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Thursday, November 26, 2020

Blame It On Trump

The following language was in the per curiam opinion in Roman Catholic Diocese of Brooklyn, NY v. Cuomo.


If only 10 people are admitted to each service, the great majority of those who wish to attend Mass on Sunday or services in a synagogue on Shabbat will be barred.

Slip opinion at page 5, <https://tinyurl.com/y4zewqz8>. I have to suggest . . . the language here . . . isn’t it odd? Right? And . . . the 5 members of the Supreme Court joining the per curiam opinion are: Thomas, Alito, Gorsuch, Kavanaugh, and Barrett, JJ. Not a Jewish person in the bunch. Right? So isn’t this language a bit odd? Just a little? I am not complaining, but if an executive body did this . . . would not we characterize this as some sort of establishment of religion? I am not complaining . . . but why would the Court do this? Why did not the dissenters—dissent? Is not there one ACLU-type Supreme Court law clerk around?

Can I get odds on whether this language will make it into United States Reports

5 … 4 … 3 … 2 … 1: Someone will blame this on Trump. Just a matter of time.

Seth 

Seth Barrett Tillman, Blame It On Trump, New Reform Club (Nov. 26, 2020, 1:37 PM), <https://reformclub.blogspot.com/2020/11/blame-it-on-trump.html>; 


6 comments:

Mr. Enns said...

You'll have to speak slower for me.
How does access to Mass and Shabbat establish a religion? (especially since Judaism and Roman Catholicism were established in the US prior to 2020?)
You point out that the example is taken verbatim from a briefing submitted by one plaintiff. Are they not allowed to use the arguments presented to them?

Unknown said...

Perhaps they used 'Shabbat' because it's a lot less clunky than 'from sunset on Friday to sunset on Saturday'?

R.C. said...

I concur with Mr. Enns, except that I'm not confident that he's correctly interpreted your post.

I'm not sure I have, either. What on earth are you trying to say, here?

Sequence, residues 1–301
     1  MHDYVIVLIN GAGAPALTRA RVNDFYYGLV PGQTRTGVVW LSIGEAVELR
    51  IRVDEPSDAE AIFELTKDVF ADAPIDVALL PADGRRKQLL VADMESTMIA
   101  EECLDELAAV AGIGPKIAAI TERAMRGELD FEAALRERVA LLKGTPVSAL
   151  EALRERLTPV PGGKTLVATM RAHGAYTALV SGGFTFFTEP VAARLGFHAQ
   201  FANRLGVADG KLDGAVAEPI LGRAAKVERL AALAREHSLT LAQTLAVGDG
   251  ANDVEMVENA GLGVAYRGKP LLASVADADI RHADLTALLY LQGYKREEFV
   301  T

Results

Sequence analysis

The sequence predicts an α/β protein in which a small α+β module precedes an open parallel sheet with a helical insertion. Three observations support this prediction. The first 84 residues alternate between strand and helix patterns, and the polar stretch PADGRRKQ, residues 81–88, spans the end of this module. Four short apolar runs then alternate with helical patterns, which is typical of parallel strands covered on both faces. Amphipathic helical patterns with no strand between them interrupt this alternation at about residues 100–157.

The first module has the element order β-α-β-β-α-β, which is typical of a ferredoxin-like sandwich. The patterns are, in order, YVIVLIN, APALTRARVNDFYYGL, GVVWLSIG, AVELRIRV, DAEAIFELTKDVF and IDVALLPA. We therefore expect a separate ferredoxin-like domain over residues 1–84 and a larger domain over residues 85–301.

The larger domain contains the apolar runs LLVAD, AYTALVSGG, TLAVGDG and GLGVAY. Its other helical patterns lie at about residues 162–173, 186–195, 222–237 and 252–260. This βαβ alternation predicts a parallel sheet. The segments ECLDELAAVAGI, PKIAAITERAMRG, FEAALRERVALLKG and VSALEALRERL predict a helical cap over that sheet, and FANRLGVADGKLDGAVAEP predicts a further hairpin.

Here's the language you call "odd": "If only 10 people are admitted to each service, the great majority of those who wish to attend Mass on Sunday or services in a synagogue on Shabbat will be barred."

It's a statement of fact. Nobody denies it's true. What on earth is dubious about it? You add, "Right?" as if you expect the reader to concur in some chummy fashion. Well, sorry, I've no idea what you're getting at, and I suspect the author(s) of the opinion would never have expected that sentence to attract any special scrutiny.

The rest of your post doesn't help much, either. You note, "[T]he 5 members of the Supreme Court joining the per curiam opinion are: Thomas, Alito, Gorsuch, Kavanaugh, and Barrett...." Okay, and? "Not a Jewish person in the bunch. Right?"

No, but so what? Are you implying that, to concur in an opinion, a justice has to be personally and directly affected not merely by the opinion, but by each example mentioned in it? Since when?

Furthermore, everyone knows the divide here is not between Christians and Jews (or Catholics and Protestants, or Arminians and Calvinists, or Post-Trib and Mid-Trib Premillennial Dispensationalists, or any other such merely-sectarian detail) but between seriously-practicing religious persons, and persons who regard religious practice as an indifferent relic of their ancestry. If a ruling on religious practice impacted users of peyote (a noteworthy religious practice not seen in other faiths), then one might expect an Orthodox Jew (for whom circumcision is similarly noteworthy) and a Jehovah Witness (blood transfusions) to contribute to the opinion. And, sure, might expect Kagan, Breyer, and Sotomayor (none of whom practice their ancestral faiths) to prescind. But one wouldn't require only justices that specifically use peyote to opine!

Re: "So isn’t this language a odd? Just a little? I am not complaining, but if an executive body did this . . . would not we characterize this as some sort of establishment of religion?"

No. No, we wouldn't. To "establish," in this context, would require some kind of promotion of Mass or Shabbat at the expense of other faiths (or worldviews, or cultural habits, or fandoms).

But in this case, the topic at hand is not "shall the government promote Mass and Shabbat at the expense of those who visit gambling casinos on weekends?"; but rather, "shall the government stop prejudicially prohibiting Mass and Shabbat while preferentially promoting gambling and street protesting?"

It is the current situation which represents an "establishment of religion" (where "religion" is extended to include all functionally-religious apocalyptic and redemptive cults, such as Antifa and SJW-ism).

By allowing Mass and Shabbat back into the mix, the opinion argues (if anything) for HALTING an establishment of religion.

Narayanan said...

Is not Kagan Jewish and dissenter?

Unknown said...

I'm pretty sure the specifics referring to Catholicism and Judaism were due to the fact that, as the opinion explains, "The two applications, one filed by the Roman Catholic Diocese of Brooklyn and the other by Agudath Israel of America and affiliated entities, contend that these restrictions violate the Free Exercise Clause of the First Amendment."
I doubt that the Majority had any intention of limiting this freedom to those religions, and no court should interpret it as doing so.

Lou Gots said...

Please learn what the establishment and free exercise con law principles are before jibbering about them.